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March 14, 2019
If you live in a cold area, shoveling snow is just a part of life to you. Many of us are so used to clearing our paths and digging spaces around our homes that we don’t realize how shoveling snow can actually be quite a dangerous activity. When you neglect to take the necessary precautions, you can end up with strained muscles, broken bones, and other sorts of nasty injuries. Here are some of our tips to help you avoid pain or danger while shoveling snow throughout the cold season:
Begin by warming your body up
If you were preparing for a hard workout at the gym, you would begin with a warm up. Shoveling snow is quite a bit of work and failing to warm up may result in injury. Warming yourself up will loosen stiff muscles and encourage the flow of oxygen throughout your body to avoid premature lactic acid build up that could result in a muscle strain. Make your left arm clasp your right shoulder and your right arm clasp your left shoulder, hugging yourself as tight as possible feeling the stretch on your arms. Then, walk around briskly. One excellent thing to end with is lying on the floor with your legs placed against a wall, then extending your legs as much as you can. Your hamstrings will surely wake up after the movement!
Invest in proper boots
The right boots will make it possible to shovel more comfortably. Invest in a warm, waterproof pair to protect your feet against frostbite. Your boots should also be non-slip to avoid skidding. If your boots are new, break them in well before engaging in the strenuous efforts of shoveling snow to avoid having painful foot blisters.
Buy a shovel with a shorter handle
Some shovels may have wider pans that can carry more snow. Although you may feel like you are accomplishing more, using this type of shovel might result in you scooping a heavier amount of snow than your body can safely carry. Pick a shovel that suits your strength and allows you to shovel snow without putting too much stress on your body. You may opt to invest in a shovel with a shorter handle since the center of mass during your shoveling will be closer to your body, lessening the stress on your back and allowing you to move easily while you move snow.
Clear snow more often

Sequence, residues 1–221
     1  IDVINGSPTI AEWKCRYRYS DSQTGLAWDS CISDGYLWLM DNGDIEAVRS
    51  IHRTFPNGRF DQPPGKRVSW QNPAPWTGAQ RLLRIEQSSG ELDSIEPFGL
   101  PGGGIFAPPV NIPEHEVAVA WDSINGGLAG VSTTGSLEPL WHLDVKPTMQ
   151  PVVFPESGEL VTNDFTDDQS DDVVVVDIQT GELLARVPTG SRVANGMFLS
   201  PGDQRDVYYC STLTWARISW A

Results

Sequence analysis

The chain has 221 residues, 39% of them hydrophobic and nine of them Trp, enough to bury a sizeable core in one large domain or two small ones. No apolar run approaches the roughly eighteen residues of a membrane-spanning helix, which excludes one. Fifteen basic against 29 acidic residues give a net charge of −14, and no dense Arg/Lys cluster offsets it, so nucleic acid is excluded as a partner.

If you only shovel snow after a heavy snowfall, you will end up having to exert more energy to move a big amount every time. It’s best to shovel when snowfall is still light. While shovelling under light snowfall means that you may have to head out to clear the driveway more frequently, it will also spread the total effort needed to do the arduous task over time instead of exerting a huge amount of effort in a laborious one-time, big-time shovelling activity.
Accept that you can’t always get the job done
Carefully choose where and when to shovel safely. Keep clear of slippery and icy pathways to avoid falls. Avoid scooping wet, heavy, compacted snow since the weight of the meltwater would greatly add to the difficulty of moving and carrying the snow and strain your back. Observe your own body for signs of discomfort and pain. Keep an eye out for persistent muscle discomfort or a throbbing chest pain. If you experience any of these things, seek medical help immediately.
There are also times that the snow has built up considerably or the conditions for shovelling are less than ideal. In such cases, you might want to seek the services of a professional snow-moving or landscaping company to do the snow-clearing for you. They have the equipment and expertise to assist you in safely, easily, and quickly moving snow without you having to take on the risks of clearing it yourself.
Consult a chiropractor
To make snow shovelling easier and safer, consult a chiropractor. A chiropractor may realign your vertebrae to mitigate pressure on the spinal cord to prevent back injuries. They can also help deal with back pain that would come from completing this winter chore. Moreover, chiropractors can train you how to do specific warm up and warm down exercises so that the shovelling will be more comfortable and fun.